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Dublin: 10°C Monday 19 April 2021

5 talking points after Donegal stunned the Dubs in Croke Park

Few gave Donegal a chance this afternoon – but they stunned All-Ireland champions Dublin in a remarkable Croke Park semi-final.

Ryan McHugh scores a goal Ryan McHugh scored a game-changing 2-2 as Donegal ended Dublin's reign. Source: Cathal Noonan/INPHO

1. Jimmy’s winning tactics

The bulk of the pre-match analysis focused on the tactics Jim McGuinness would use to stop the previously unstoppable Dubs. The memory of the 2011 semi-final loomed large all week but today, McGuinness managed to marry the stubborn defence of that day with the same scintillating counter-attacks and lethal shooting that led Donegal to their All-Ireland holy grail 12 months later.

Even when Dublin were on top in the opening 20 minutes, it was only by virtue of some otherworldly long-rang points from Paul Flynn and Diarmuid Connolly. That kind of scoring was never going to be sustainable.

Neil Gallagher spent a large chunk of the opening quarter alongside Colm McFadden in the Dublin square, dragging Michael Darragh Macauley and Cian O’Sullivan out of position at different stages.

The introduction of Christy Toye on 26 minutes signalled a sea-change. He instantly made a contribution and from that point on, Donegal were much more competitive in search of possession and much more effective in their use of it.

And while it seems unfair to single out any one Donegal player for a superb team performance, the midfield duo of Neil Gallagher and Odhran MacNiallais were monstrous — not least in combining for McFadden’s goal — while goal hero Ryan McHugh was a deserving Man of the Match.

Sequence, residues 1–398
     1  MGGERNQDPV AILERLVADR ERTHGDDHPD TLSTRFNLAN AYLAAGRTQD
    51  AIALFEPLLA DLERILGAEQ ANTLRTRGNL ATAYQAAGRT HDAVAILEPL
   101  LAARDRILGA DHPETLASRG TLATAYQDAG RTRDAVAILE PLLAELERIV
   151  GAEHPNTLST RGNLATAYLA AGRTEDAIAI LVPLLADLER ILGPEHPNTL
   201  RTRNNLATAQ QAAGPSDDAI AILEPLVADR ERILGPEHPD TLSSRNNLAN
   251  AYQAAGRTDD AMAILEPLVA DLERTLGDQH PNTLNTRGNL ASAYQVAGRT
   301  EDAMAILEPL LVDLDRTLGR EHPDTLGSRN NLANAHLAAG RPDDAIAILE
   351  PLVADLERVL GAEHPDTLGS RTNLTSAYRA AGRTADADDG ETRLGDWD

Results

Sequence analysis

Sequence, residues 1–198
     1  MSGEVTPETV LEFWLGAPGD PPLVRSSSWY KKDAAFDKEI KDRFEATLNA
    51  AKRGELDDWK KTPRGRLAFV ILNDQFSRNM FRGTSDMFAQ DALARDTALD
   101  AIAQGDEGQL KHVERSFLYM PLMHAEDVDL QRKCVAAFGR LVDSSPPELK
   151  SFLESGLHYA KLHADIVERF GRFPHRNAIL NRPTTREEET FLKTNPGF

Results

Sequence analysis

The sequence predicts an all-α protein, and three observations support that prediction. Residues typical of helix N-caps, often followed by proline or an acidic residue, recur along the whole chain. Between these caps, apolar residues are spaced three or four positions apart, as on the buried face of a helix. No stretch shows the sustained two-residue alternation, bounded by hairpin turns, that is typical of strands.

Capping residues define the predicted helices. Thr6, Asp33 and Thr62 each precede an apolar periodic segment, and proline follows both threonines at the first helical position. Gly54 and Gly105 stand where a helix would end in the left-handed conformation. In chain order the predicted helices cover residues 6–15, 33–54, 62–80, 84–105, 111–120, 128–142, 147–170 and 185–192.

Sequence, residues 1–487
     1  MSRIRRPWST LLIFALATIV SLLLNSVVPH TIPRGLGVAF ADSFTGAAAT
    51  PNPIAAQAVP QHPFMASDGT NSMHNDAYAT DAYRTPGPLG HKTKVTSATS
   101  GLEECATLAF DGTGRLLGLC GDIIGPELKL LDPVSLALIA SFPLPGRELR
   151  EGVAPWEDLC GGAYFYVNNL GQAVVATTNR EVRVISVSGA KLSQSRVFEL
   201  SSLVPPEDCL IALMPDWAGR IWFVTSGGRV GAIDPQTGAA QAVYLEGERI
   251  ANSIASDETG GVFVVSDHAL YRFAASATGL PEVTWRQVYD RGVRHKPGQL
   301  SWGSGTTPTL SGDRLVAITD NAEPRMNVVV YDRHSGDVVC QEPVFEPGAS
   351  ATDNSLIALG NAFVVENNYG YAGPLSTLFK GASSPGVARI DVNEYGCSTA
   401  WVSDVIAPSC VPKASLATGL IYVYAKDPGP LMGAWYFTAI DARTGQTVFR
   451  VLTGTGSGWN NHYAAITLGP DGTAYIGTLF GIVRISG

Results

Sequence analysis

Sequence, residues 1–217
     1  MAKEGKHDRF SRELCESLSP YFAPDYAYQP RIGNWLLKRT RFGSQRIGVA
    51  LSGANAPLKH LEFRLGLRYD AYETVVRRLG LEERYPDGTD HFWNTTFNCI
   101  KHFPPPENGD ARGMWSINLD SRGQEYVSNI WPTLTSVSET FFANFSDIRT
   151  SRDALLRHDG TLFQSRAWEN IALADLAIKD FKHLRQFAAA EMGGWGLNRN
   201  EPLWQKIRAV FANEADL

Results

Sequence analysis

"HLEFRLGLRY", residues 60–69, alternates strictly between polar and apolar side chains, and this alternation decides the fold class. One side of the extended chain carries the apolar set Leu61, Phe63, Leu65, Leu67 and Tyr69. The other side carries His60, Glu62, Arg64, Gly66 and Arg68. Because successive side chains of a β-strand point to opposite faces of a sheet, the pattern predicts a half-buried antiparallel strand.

2. The moment that changed the game

For 20 minutes, Dublin were as impressive as they have been at any stage this summer. After falling behind to an early Michael Murphy free, they rattled off seven points with a single score from Karl Lacey Donegal’s only response.

Michael Fitzsimons and Jack McCaffrey with Colm McFadden Colm McFadden was a handful for the Dublin full-back line. Source: Morgan Treacy/INPHO

The Dubs led 0-8 to 0-4 when Diarmuid Connolly — who was one of their best on the day with five fine points — had a chance to strike a hammer blow. He was too casual though and his rolled shot bounced off Paul Durcan’s legs and away to safety.

From that point until the end of the first half, Donegal outscored the Dubs by 1-4 to 0-2 and the whole momentum of the game had been turned on its head. Donegal’s tails were very much up and as the sides went into the dressing rooms, Dublin had a challenge on their hands for the first time this summer.

3. Donegal’s youth come of age

Before this afternoon, Ryan McHugh had just a single Championship point to his name. Today he eviscerated the Dubs with a superb 2-2 and stepped definitively out of big brother Mark’s shadow.

Speaking afterwards, McGuinness was quick to praise his game intelligence and it’s no surprise that McHugh was in the right place at the right time for both his goals. He made clever runs all afternoon and was there to support both McFadden and Anthony Thompson at two crucial moments in the game.